The Micron P320h SSD is an SLC-based PCIe solid-state storage device which claims to provide the highest read throughput of any server-grade SSD, and at Micron’s request, I recently took some time to put the card through its paces, and the numbers are indeed quite impressive.
For reference, the benchmarks for this device were performed primarily on a Dell R710 with 192GB of RAM and two Xeon E5-2660 processors that yield a total of 32 virtual cores. This is the same machine which was used in my previous benchmark run. A small handful of additional tests were also performed using the Cisco UCS C250. The operating system in use was CentOS 6.3, and for the sysbench fileIO tests, the EXT4 filesystem was used. The card itself is the 700GB model.
So let’s take a look at the data.
With the sysbench fileIO test in asynchronous mode, read performance is an extremely steady 3202MiB/sec with almost no deviation. Write performance is also both very strong and very steady, coming in at a bit over 1730MiB/sec with a standard deviation of a bit less than 13MiB/sec.
When we calculate in the fact that the block size in use here is 16KiB, these numbers equate to over 110,000 write IOPS and almost 205,000 read IOPS.
When we switch over to synchronous IO, we find that the card is quite capable of matching the asynchronous performance:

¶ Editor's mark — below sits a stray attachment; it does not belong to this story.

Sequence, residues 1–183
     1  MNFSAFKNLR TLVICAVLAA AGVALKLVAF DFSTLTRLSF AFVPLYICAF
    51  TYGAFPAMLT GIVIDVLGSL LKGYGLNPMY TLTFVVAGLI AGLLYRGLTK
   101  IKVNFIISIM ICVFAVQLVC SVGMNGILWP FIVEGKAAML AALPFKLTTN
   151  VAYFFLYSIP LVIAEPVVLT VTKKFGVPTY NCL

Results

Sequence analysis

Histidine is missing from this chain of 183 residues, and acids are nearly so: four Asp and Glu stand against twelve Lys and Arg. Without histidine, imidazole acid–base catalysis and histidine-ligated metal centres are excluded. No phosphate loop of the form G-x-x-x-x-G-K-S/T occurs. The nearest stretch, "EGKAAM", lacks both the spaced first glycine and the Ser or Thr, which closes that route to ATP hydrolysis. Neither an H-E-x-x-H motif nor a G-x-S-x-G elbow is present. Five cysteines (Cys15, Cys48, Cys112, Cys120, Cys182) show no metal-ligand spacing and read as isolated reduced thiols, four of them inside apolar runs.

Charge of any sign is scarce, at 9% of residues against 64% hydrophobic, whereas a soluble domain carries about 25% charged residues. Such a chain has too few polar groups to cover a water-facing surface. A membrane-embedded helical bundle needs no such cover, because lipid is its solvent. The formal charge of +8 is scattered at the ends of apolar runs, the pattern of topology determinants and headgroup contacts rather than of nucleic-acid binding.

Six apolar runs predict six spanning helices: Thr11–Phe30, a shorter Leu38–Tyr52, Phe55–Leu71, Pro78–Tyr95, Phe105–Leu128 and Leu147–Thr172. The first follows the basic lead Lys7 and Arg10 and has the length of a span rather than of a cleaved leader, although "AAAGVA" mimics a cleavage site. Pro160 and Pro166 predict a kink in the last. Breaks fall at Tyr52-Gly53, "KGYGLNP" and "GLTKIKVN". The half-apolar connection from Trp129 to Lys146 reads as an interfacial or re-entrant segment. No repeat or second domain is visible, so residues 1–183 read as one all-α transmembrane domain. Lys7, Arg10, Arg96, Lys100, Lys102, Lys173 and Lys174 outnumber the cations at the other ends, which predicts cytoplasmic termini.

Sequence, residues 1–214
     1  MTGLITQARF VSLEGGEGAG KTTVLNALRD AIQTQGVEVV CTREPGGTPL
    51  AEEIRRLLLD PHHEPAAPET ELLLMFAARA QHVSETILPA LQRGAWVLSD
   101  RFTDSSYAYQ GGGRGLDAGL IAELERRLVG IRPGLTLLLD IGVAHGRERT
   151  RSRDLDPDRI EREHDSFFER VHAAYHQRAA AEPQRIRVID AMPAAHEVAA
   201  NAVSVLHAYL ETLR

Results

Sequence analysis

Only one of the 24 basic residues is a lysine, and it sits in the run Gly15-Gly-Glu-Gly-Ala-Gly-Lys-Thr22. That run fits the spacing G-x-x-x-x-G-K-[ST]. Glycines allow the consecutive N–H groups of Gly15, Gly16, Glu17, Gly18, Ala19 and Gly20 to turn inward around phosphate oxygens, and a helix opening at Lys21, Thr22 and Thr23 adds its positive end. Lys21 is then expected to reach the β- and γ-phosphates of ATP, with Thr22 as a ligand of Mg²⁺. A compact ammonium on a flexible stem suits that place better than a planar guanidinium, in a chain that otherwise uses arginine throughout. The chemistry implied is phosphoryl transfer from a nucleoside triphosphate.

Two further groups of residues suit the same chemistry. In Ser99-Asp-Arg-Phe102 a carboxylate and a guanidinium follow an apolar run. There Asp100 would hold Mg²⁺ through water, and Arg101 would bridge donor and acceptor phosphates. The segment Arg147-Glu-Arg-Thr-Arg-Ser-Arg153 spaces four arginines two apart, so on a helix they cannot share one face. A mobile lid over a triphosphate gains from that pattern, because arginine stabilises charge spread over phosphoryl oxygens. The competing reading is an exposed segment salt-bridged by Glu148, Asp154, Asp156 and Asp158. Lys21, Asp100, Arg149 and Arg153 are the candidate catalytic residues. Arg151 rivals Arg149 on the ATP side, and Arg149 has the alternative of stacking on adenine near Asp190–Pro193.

Synchronous read reaches peak capacity somewhere between 32 and 64 threads, and synchronous write tops out somewhere between 64 and 128 threads. The latency numbers are equally impressive; the next two graphs show 95th and 99th-percentile response time, but there really isn’t much difference between the two.
At 64 read threads, we reach peak performance with latency of roughly 0.5 milliseconds; and at 128 write threads we have maximum throughput with latency just over 3ms.
How well does it perform with MySQL? Exact results vary, depending upon the usual factors (read/write ratio, working set size, buffer pool size, etc.) but overall the card is extremely quick and handily outperforms the other cards that it was tested against. For example, in the graph below we compare the performance of the P320h on a standard TPCC-MySQL test to the original FusionIO and the Intel i910 with assorted buffer pool sizes:
And in this graph we look at the card’s performance on sysbench OLTP:
It is worth noting here that EXT4 outperforms XFS by a fairly significant margin. The approximate raw numbers, in tabular format, are:
In the final analysis, there may or may not be faster cards out there, but the Micron P320h is the fastest one that I have personally seen to date.